With a different regard for the place of rationality, Grace Jantzen (1948-2006) argued that feminist philosophies of religion should forego the preoccupation with the rational justification of beliefs and the evaluation of truth-claims. Inspired mainly by French continental philosophy, Jantzen constructed a philosophy of religion built on natality and birth. For her, the “path of desire to/for the divine” opened up the symbolic impact of birth rather than death as a strategy for creating a new imaginary construct that emphasizes flourishing of life rather than sacrifice of it. The norms of ethical or political adequacy can perfectly well supplement, if not replace, those of epistemic adequacy. Jantzen proposed nothing less than a new imaginary of religion, a feminist symbolic of “natality and flourishing” as an alternative to the category of mortality, verging on necrophilia/necrophobia, with which the western tradition has been saturated. Influenced by Hannah Arendt’s work on natality and Adriana Cavarero’s feminist reading of Plato, Jantzen believed that a preoccupation with death and violence subtends the masculinist imaginary. If feminist philosophy of religion is ever to transform the symbolic order that inscribes this imaginary, it is necessary to change the imaginary. For this purpose, she thought that a model of transformative change drawn from psychoanalysis and Continental philosophy of religion was more useful than a model drawn from Anglo-American adversarial modes of argumentation.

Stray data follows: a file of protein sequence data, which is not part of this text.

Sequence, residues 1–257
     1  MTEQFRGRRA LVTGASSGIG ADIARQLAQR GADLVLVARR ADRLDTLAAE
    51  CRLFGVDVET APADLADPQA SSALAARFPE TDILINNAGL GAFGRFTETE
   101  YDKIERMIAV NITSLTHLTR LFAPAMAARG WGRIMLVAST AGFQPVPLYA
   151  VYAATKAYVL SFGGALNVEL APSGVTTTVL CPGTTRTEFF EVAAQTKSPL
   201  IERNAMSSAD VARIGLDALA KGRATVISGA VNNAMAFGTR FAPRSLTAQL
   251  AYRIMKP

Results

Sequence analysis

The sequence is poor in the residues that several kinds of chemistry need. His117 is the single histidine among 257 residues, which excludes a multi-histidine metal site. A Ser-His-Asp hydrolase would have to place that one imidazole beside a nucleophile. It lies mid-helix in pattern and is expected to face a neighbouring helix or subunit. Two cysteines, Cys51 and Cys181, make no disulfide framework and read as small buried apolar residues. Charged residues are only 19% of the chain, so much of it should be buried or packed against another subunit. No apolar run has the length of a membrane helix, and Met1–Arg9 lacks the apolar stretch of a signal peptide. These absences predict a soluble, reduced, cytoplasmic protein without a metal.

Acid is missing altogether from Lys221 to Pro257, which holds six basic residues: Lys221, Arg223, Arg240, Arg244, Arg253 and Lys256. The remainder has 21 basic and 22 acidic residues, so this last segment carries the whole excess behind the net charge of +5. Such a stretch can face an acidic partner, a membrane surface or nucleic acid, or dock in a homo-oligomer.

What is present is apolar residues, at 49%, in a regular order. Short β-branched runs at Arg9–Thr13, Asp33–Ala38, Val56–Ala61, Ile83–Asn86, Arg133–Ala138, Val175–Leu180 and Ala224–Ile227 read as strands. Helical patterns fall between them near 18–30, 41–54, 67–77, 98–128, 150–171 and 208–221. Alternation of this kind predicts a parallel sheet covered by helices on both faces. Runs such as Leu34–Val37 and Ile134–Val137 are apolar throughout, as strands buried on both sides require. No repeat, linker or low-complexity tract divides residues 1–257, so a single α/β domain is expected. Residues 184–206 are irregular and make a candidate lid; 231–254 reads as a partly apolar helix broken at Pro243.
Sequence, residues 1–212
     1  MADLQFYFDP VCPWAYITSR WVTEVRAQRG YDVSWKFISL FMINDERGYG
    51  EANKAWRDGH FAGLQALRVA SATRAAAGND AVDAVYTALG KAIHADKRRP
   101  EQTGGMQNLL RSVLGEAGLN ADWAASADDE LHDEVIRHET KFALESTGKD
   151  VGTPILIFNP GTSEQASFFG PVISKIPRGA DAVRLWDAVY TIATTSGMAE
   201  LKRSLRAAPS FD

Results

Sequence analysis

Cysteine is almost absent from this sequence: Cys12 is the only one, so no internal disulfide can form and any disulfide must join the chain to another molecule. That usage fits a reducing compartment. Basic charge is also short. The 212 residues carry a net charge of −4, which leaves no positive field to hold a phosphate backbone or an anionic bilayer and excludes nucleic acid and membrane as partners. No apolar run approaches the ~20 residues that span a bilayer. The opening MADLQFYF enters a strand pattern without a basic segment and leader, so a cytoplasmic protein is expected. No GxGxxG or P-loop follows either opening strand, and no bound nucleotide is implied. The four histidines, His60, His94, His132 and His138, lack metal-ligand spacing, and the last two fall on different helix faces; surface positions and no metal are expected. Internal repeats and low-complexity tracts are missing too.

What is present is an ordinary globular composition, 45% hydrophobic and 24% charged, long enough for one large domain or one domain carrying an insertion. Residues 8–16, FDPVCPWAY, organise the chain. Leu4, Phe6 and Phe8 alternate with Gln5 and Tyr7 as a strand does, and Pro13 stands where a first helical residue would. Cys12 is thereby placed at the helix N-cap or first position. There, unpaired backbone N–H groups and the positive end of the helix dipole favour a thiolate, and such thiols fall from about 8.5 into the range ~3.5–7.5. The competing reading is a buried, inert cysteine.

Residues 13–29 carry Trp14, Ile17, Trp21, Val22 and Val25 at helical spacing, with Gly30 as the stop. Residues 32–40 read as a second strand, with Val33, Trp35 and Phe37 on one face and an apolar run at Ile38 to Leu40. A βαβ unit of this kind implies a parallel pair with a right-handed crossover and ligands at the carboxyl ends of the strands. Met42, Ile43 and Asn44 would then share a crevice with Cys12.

The Western symbolic, long saturated with violence and death, is epitomized in the crucified Christ. Sacrificial codes involve a forgetting/erasure of the complex role of the maternal, amounting to a “matricide” at the foundation of religious practice. The central figure of the western cultural imaginary is the unmourned and unacknowledged sacrifice of the (m)other’s body that Christianity masks under the Eucharistic sacrifice of the son. The real symbolic association, then, according to Jantzen, is not between women and birth, but between women and death, setting up men as cultural masters over and above mortality and its intimations in the bodies of women.
The provocations that the work of Anderson, Jantzen, and other feminist philosophers of religion have contributed over the course of several decades now demand to be addressed in the new agendas and manifestos appearing from Wesley Wildman, Kevin Shilbrack, Thomas A. Lewis, and Timothy Knepper.